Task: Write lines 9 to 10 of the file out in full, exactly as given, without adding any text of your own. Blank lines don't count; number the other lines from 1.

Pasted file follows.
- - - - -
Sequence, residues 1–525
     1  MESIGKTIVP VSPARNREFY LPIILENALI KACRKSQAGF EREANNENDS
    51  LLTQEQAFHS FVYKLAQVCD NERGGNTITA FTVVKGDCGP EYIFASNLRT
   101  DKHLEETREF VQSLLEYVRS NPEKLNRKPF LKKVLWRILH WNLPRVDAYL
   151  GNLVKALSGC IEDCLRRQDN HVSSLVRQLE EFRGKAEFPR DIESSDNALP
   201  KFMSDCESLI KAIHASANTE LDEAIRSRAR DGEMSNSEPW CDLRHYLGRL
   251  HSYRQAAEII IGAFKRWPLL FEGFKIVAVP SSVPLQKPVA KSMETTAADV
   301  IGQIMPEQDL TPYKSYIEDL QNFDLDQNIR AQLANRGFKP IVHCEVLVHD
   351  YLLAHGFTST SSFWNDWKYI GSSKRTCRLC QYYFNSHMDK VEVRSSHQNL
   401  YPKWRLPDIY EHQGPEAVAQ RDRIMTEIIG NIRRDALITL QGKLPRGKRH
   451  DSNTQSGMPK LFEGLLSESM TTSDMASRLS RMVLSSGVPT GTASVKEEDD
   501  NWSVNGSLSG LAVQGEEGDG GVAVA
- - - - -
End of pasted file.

   351  YLLAHGFTST SSFWNDWKYI GSSKRTCRLC QYYFNSHMDK VEVRSSHQNL
   401  YPKWRLPDIY EHQGPEAVAQ RDRIMTEIIG NIRRDALITL QGKLPRGKRH